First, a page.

|RE: [eclipse-dev] Please help me stop the context menu abuse|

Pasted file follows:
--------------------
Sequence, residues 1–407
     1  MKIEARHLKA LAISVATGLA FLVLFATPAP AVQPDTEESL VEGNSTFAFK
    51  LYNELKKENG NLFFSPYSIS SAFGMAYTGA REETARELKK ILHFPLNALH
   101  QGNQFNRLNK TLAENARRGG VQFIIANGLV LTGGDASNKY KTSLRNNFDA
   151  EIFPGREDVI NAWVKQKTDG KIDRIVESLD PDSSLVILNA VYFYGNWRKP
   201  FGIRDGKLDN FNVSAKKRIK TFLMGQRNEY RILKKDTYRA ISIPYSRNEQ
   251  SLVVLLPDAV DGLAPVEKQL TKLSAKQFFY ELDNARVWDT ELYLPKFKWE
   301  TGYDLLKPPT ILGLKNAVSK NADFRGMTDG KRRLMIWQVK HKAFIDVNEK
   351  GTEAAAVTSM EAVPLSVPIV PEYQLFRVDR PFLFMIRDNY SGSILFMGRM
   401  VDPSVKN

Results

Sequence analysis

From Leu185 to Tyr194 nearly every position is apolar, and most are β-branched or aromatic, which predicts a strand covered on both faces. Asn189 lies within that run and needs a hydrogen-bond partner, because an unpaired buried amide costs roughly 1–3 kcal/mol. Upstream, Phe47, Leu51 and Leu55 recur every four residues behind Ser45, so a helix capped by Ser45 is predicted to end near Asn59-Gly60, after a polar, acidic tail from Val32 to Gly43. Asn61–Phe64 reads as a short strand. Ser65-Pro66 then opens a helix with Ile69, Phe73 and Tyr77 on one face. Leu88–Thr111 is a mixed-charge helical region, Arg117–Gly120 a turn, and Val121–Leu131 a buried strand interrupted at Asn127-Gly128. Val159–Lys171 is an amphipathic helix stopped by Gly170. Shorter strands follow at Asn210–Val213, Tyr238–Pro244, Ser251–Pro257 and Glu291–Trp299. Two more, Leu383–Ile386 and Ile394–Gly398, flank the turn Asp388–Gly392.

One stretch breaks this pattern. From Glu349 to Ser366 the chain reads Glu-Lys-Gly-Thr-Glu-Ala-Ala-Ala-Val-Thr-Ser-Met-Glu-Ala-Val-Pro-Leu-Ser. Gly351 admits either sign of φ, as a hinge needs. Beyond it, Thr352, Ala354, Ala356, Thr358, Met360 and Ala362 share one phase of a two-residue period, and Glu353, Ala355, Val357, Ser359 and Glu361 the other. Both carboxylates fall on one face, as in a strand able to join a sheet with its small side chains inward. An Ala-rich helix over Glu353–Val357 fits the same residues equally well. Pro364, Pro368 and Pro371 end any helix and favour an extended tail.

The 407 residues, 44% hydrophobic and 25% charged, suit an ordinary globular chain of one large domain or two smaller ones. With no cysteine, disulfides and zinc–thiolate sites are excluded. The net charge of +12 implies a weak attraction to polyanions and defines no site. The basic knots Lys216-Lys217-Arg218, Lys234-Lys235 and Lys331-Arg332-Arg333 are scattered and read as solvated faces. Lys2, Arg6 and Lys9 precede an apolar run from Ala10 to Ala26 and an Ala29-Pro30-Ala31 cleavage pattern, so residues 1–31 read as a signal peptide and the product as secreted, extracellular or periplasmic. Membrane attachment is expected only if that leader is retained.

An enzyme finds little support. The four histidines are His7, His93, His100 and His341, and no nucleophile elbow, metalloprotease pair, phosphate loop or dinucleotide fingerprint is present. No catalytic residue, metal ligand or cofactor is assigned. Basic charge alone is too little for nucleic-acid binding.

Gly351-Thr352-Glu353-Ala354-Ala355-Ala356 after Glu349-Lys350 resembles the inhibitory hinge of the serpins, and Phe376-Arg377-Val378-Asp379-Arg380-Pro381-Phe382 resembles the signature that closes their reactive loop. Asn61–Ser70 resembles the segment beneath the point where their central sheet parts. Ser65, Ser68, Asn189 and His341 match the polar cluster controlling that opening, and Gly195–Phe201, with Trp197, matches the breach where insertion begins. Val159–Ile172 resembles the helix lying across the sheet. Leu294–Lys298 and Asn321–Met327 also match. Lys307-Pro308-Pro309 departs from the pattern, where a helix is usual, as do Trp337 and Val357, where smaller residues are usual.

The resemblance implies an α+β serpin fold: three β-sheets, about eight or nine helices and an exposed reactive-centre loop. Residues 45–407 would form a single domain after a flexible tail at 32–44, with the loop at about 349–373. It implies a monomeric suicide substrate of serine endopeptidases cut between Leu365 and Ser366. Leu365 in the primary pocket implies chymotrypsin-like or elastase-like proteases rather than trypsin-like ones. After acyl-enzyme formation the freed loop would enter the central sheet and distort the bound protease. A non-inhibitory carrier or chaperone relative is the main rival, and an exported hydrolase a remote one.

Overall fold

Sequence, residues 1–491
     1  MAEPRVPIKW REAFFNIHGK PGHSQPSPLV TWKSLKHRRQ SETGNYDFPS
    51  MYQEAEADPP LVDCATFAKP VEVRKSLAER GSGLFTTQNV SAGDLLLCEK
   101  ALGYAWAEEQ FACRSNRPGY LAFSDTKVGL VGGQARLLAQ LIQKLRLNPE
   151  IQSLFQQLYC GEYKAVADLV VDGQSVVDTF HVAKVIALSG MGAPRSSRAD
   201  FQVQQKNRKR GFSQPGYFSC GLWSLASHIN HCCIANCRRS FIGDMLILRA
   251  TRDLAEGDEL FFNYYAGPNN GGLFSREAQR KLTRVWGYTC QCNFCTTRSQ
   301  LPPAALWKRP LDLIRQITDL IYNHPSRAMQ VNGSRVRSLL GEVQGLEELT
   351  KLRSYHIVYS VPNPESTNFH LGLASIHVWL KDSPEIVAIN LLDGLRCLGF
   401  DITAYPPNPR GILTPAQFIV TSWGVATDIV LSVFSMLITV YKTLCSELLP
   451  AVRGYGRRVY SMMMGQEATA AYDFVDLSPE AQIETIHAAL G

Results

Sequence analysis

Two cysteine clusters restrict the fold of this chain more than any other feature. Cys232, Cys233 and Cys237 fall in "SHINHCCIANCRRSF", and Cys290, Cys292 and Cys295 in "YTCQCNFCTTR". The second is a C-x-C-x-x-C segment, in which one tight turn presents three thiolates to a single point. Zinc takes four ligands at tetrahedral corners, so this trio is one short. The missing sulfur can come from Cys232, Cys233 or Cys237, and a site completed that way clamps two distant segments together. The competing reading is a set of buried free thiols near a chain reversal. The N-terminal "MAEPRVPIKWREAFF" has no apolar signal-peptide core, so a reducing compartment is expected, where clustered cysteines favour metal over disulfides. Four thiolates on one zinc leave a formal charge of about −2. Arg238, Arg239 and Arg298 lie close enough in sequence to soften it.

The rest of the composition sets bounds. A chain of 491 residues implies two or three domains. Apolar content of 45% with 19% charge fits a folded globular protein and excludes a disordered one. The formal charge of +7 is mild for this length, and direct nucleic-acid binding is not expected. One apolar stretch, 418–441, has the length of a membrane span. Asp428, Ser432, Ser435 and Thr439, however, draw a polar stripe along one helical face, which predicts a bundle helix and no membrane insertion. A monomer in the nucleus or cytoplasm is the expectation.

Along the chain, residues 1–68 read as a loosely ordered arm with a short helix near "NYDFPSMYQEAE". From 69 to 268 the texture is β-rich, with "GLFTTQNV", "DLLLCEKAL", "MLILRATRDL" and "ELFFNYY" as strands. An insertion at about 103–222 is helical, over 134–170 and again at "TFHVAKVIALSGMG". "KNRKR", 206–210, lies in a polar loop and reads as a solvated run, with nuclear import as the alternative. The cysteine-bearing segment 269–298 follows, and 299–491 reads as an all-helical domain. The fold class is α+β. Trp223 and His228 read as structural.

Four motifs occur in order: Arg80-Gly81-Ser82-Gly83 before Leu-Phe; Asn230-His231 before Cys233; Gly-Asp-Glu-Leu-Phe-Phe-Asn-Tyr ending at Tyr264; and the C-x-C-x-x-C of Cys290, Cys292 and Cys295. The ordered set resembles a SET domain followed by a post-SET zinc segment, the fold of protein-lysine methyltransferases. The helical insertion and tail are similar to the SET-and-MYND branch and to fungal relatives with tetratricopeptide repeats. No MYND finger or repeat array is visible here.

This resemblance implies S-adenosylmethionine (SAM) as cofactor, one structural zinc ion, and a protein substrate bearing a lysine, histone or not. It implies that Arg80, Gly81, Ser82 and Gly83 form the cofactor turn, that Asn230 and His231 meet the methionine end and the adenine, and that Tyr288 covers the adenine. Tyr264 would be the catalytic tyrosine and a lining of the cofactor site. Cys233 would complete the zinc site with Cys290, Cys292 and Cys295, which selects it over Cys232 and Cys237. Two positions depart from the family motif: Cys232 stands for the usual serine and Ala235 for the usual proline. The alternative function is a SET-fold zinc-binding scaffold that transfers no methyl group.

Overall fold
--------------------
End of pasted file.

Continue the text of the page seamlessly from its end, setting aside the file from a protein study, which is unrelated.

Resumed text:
Max Rydahl Andersen responded to my comments about UI changes: > I have not yet heard *anyone* mention a concrete adopter or > user saying that this change would be considered bad ? As one concrete data point: BEA does have GUI-based automated test scripts, that will probably be broken if context menu items get removed. I no longer work at BEA so I have no way of determining what the dependencies are; and perhaps, with Oracle acquiring BEA, it's moot. But it's an example of the sort of breakage that is likely to occur. > If they don't want to adopt they use the same "API" as > before, please tell me what is bad about this ? But the problem is only solved if teams do adopt it, right? You seemed to be wondering why a team wouldn't adopt when the cost of changing a menu item seems so low. I was trying to explain that the cost is not in the dev work itself, it is in figuring out how to assess and manage the risk. > I feel it is weak that the PMC does dare to do such a small > change that will make a big improvement. I mentioned earlier that Platform may not be feeling the same pain, on this issue, that downstream feature teams are. Conversely, I think downstream teams might not be aware of some of the pain that Platform has been facing. The last couple of months have been rather rocky for the Platform, with the introduction of p2 and the API tooling and with significant hardware and software problems in the build/test lab. I think the PMC is probably right to want to stabilize aggressively now. As an example of something that seemed like a safe, innocuous change, last week we had a problem where the new API tooling noticed that a bundle had its minor version incorrectly advanced during 3.4, so the responsible team corrected the version number back to what it should be. The resulting downstream breakage wasted several days for WTP (and David Williams can't afford to tear out very much more hair). RC1 is the time to stop assuming that small changes will be safe, and start assuming that they will break something unexpected. It is a sad fact that the discovery of important problems takes place year-round, but Eclipse releases only happen once a year. A problem discovered in November is easy to fix; a problem discovered in May is hard.
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